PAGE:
The delegation from the International Monetary Fund (IMF) recommended that Estonia begin reducing its budget deficit in order to curb price increases and maintain its competitiveness, as well as implementing tax increases sooner.
The International Monetary Fund (IMF) has completed its annual evaluation of Estonia's economic policies and found that Estonia has made significant progress over the last two decades, but pressures on Estonia's competitiveness have increased and it could be disadvantaged by a weak fiscal policy. The IMF recommends narrowing the gap between government revenues and expenditures by a much less stimulative fiscal policy.
The chief of the delegation, Vincenzo Guzzo, said the IMF anticipates Estonia's economy to strengthen this year, but that inflation will remain elevated. The IMF forecasts the Estonian economy to contract by 1.2 percent this year and inflation to slow to 9.7 percent.
The governor of the Bank of Estonia (Eesti Pank), Madis Müller, said the central bank agrees with the IMF's assessment that the large budget deficit is accelerating the already rapid rise in prices. In turn, high inflation could increase wage pressures and reduce the economy's competitiveness. "As a result, fiscal policy must be aimed at minimizing price increases," Müller said.
The IMF advises a variety of strategies for reducing the budget deficit in 2023, including limiting public wage growth and accelerating some of the anticipated tax reforms.
The IMF suggested that support for the most vulnerable should be maintained; however, as energy prices decline, the state should consider reversing the increases in family allowances.
Containing public sector wage growth and limiting the ability of ministries and local governments to raise wages, are of utmost importance, according to the IMF.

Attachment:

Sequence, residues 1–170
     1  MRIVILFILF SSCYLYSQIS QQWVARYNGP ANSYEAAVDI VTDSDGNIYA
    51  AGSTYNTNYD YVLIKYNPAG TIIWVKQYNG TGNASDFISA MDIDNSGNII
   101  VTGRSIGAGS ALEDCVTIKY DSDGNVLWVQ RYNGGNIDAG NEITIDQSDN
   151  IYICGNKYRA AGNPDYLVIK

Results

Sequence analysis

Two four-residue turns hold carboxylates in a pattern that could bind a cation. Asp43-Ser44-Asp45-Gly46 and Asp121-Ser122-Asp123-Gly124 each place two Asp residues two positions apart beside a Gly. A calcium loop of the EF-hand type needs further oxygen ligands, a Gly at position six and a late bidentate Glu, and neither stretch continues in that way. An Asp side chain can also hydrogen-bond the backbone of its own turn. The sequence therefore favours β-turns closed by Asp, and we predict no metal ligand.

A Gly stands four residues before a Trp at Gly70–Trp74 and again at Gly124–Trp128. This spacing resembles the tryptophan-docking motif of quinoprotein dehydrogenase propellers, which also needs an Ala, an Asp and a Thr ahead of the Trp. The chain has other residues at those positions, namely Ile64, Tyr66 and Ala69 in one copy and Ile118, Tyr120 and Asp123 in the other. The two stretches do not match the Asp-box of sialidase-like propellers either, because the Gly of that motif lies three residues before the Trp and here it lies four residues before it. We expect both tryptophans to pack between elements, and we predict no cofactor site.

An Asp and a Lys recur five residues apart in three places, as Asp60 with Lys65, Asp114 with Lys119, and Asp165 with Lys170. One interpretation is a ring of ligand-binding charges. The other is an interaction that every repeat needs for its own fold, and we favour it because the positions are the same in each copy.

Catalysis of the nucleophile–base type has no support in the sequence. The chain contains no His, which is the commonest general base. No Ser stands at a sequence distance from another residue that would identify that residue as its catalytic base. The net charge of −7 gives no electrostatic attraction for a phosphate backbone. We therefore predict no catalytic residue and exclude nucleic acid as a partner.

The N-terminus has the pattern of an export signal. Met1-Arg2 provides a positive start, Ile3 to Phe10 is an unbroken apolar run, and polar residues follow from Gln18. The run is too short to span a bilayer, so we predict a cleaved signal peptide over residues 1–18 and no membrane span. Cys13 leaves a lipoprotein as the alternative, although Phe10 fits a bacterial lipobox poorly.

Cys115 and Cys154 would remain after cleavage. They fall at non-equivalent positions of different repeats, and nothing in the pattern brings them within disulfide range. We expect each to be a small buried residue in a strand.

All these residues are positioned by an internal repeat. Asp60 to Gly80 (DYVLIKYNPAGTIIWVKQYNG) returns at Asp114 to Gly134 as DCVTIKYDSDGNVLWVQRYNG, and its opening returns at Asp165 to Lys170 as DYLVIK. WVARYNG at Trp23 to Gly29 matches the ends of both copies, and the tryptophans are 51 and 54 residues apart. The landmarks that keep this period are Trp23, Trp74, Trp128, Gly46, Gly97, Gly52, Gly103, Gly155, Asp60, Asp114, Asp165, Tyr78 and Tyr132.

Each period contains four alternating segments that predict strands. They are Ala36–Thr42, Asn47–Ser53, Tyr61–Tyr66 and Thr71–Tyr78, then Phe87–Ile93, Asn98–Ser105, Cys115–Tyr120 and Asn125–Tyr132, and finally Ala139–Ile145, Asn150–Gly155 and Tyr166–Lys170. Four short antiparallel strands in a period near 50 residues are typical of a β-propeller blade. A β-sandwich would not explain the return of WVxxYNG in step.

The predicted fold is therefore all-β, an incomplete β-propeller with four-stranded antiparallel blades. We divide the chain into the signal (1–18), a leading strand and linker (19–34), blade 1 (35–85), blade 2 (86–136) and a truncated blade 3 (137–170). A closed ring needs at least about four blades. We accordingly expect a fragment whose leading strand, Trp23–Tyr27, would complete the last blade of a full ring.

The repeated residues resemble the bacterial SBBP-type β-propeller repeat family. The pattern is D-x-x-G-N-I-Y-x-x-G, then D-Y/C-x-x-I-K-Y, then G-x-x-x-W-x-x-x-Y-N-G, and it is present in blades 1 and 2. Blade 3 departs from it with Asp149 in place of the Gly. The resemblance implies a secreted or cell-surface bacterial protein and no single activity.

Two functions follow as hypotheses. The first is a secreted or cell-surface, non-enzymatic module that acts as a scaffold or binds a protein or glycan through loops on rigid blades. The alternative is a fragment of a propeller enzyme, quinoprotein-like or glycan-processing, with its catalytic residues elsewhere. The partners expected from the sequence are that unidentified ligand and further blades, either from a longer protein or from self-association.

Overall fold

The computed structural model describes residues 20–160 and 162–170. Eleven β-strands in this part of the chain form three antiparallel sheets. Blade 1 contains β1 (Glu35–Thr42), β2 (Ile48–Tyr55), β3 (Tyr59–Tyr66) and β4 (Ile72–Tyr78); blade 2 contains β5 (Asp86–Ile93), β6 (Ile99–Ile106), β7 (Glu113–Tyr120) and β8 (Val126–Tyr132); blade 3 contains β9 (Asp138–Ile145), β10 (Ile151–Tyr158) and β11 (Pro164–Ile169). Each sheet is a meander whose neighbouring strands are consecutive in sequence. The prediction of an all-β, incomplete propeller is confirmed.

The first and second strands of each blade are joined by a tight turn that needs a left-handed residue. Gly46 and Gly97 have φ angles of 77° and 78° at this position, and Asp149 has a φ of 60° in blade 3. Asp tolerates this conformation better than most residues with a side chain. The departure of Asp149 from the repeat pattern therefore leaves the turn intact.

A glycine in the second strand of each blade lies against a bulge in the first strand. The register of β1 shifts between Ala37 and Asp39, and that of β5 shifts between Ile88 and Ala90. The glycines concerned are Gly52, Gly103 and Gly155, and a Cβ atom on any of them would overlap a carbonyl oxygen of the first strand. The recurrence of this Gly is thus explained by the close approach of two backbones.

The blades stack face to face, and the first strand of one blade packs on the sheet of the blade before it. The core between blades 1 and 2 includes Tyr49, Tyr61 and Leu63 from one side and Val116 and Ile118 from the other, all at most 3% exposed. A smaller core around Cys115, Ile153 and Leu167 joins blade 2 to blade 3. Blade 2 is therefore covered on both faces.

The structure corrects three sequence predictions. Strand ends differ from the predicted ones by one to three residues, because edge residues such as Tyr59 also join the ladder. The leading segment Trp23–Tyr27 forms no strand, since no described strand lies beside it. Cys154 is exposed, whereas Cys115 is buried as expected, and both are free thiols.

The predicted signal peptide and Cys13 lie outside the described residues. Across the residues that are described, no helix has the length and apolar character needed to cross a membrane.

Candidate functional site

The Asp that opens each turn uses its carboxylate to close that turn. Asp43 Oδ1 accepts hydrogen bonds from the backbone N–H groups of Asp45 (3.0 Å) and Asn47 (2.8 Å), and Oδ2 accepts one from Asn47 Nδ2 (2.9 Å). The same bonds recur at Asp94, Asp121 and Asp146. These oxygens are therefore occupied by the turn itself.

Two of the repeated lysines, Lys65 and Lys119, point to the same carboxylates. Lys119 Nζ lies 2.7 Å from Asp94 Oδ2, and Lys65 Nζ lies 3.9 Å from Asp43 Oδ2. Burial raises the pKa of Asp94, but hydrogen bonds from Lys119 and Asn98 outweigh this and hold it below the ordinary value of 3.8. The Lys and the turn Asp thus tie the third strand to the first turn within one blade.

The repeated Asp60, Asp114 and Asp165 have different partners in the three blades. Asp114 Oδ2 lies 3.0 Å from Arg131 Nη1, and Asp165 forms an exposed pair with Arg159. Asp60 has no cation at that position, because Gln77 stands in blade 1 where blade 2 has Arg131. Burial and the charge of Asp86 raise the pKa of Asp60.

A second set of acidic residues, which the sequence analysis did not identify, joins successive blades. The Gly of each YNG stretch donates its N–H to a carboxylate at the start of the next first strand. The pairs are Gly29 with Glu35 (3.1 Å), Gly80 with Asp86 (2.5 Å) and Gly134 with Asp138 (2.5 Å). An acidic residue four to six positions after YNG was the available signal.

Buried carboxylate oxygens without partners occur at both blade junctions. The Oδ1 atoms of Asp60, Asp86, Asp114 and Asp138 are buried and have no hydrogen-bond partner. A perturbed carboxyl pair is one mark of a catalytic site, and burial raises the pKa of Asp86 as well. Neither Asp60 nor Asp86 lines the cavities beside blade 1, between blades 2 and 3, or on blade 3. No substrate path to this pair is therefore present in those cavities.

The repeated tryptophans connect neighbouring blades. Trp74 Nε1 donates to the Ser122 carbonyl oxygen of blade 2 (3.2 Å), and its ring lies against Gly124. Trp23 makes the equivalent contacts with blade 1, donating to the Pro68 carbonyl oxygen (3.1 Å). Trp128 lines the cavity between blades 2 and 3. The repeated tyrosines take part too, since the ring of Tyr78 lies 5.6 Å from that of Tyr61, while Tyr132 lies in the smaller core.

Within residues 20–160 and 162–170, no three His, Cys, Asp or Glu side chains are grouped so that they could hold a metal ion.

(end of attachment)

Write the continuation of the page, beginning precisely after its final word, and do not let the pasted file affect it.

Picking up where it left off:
The IMF emphasized the importance of implementing a car tax as quickly as possible, as well as eliminating the exemption for the residence tax and capping land tax increases at 10 percent.
Minister of Finance Mart Võrklaev (Reform) said that the delegation's visit to Estonia was timely and will aid in future decision-making.
"The IMF suggests that tax changes should be implemented sooner, but we have made it clear that the public debate and the six-month implementation period are the rules we adhere to so that society has time to deliberate," Võrklaev said.
In addition to fiscal policy measures, the IMF recommends pursuing targeted financial sector policies to ensure financial stability in order to achieve long-term, sustainable economic growth.
The IMF's concluding statement is available on the web page of Eesti Pank.
The IMF delegation has been in Estonia since May 9 to discuss the state of Estonia's economy and economic policy steps with representatives of the public and private sector.
During a press conference on Tuesday, Vincenzo Guzzo, the director of the IMF mission in Estonia, summarized his findings in first 25 minutes (the conference link above).
Editor: Barbara Oja, Kristina Kersa